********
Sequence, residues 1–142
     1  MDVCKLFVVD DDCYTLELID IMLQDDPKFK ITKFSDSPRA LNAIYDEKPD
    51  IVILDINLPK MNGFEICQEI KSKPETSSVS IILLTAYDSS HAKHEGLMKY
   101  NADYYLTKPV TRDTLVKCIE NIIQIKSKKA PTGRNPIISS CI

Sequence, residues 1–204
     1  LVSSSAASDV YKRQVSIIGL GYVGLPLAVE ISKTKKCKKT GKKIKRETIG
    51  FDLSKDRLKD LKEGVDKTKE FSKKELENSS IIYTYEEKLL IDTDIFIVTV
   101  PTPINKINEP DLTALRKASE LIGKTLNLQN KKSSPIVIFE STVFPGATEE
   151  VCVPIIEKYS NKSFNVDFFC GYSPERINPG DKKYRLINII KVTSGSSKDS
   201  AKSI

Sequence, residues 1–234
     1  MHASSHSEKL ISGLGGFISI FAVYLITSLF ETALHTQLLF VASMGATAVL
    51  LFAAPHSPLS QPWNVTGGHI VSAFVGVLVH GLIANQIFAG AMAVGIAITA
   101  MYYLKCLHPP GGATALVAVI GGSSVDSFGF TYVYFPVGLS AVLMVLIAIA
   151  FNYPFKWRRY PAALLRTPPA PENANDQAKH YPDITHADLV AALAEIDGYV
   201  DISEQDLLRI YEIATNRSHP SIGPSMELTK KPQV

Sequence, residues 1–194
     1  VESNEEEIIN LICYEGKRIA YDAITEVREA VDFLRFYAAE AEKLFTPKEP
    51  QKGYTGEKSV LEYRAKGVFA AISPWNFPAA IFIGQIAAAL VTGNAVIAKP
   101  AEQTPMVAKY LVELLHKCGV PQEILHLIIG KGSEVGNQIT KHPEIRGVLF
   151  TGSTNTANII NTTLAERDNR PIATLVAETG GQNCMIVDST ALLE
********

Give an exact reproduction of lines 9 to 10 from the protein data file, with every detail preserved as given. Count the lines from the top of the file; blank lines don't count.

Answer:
   151  VCVPIIEKYS NKSFNVDFFC GYSPERINPG DKKYRLINII KVTSGSSKDS
   201  AKSI